The term “alcohol-fuelled violence” is increasingly under question in the debate about what has driven the apparent rise in one-punch attacks on Sydney’s streets.
Some have pointed to increased use of steroids (and ice) by young men, which can cause heightened aggression, as a potential cause.
These charts show the stunning increase in the volume of steroids being detected by authorities at the Australian border in recent years.
These steroids would include some of the performance-enhancing substances so widely canvassed in last year’s revelations of widespread doping in professional Australian sport.
But even with that, and factoring in some developments like more focus on the substances and improved detection methods, there’s not much difficulty sorting the signal from the noise in these charts, from the Australian Crime Commission. Steroids and hormones, including testosterone, have suddenly started coming into Australia in unprecedented volumes.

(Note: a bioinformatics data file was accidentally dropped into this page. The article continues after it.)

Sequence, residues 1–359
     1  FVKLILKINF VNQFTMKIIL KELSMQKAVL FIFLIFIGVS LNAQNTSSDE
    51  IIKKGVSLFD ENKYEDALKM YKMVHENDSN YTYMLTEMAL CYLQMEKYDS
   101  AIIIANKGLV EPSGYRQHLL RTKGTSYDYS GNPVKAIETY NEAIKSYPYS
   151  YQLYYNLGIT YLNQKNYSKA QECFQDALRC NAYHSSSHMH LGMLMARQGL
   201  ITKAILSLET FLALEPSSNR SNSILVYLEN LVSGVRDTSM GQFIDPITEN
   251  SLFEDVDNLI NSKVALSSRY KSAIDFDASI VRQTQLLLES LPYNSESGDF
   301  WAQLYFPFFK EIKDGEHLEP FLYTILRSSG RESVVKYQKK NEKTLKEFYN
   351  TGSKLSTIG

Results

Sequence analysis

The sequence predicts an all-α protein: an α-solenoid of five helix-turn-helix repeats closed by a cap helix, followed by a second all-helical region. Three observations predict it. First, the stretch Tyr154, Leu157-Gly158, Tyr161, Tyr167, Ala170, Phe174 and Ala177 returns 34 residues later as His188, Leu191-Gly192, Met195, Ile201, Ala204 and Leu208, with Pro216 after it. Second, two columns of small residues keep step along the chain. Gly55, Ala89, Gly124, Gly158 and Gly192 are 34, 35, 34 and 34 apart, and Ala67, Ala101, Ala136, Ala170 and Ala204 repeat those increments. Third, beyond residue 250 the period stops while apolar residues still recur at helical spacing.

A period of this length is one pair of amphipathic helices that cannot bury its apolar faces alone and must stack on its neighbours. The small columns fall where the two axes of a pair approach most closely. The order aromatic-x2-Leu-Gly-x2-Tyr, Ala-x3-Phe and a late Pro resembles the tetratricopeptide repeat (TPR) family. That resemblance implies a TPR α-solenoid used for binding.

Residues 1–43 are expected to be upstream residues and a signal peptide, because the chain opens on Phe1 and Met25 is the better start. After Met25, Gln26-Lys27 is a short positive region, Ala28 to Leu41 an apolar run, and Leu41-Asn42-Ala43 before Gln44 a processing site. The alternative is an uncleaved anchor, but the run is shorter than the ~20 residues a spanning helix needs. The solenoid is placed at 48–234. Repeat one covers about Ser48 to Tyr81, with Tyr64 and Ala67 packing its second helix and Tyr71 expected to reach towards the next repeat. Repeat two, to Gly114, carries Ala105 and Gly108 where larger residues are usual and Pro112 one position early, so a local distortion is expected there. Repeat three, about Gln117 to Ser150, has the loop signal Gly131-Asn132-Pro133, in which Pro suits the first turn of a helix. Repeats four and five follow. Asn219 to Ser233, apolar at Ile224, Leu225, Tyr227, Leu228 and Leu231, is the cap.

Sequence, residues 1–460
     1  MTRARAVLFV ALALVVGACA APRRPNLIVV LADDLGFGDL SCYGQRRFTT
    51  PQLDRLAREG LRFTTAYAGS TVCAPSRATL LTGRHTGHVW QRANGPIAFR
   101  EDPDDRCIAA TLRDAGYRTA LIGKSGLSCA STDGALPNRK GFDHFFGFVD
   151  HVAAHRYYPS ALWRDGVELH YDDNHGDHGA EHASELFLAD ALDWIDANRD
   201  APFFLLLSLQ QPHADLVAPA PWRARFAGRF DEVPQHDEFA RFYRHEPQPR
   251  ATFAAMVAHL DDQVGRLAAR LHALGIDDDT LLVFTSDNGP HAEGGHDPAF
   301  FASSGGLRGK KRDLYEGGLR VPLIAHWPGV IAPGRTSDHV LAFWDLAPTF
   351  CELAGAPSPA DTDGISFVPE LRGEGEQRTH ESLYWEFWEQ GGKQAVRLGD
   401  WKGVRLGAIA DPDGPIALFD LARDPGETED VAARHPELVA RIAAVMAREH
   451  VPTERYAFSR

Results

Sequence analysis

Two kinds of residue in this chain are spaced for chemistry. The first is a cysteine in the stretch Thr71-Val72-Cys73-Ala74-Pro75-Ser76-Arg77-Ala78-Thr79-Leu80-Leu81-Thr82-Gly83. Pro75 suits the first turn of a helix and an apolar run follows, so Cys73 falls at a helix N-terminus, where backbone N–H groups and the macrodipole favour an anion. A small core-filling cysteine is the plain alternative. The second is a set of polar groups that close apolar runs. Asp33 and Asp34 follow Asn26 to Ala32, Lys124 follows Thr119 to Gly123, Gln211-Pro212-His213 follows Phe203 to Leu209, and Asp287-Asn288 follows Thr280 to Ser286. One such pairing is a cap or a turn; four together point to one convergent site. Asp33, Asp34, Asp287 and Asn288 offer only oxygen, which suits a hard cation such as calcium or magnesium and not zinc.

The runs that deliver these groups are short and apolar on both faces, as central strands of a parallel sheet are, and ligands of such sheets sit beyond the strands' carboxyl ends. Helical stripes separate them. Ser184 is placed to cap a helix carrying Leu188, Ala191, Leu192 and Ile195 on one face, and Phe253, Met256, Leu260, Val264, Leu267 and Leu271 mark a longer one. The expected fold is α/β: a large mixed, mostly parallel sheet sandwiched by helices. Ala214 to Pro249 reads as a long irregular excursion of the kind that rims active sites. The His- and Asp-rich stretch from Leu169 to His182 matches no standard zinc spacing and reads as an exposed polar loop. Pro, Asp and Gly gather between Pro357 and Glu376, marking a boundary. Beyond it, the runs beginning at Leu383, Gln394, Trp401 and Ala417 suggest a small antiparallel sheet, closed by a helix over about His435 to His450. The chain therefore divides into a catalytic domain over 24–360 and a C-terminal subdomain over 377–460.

First, there’s the total number of hormone and steroid seizures over a decade – from just over 1000 to almost 9000 last year.
Break it down between hormones and steroids, and you see steroids make up the bulk of what was found but hormones are quickly on the rise.
Now to seizures of the substances, seen by number and by weight. While the number of seizures was roughly the same between 2010-11 and 2011-12, the weight of the seizures tripled.
And while the number of steroid seizures went down in 2011-2012, the amount seized in NSW more than doubled and leads all other states by a large margin.
And here’s how they get into the country – overwhelmingly through the mail, possibly sourced from overseas websites offering the substances. A side note here: the federal government announced an $88 million package today to fund increased mail and cargo monitoring by Customs.
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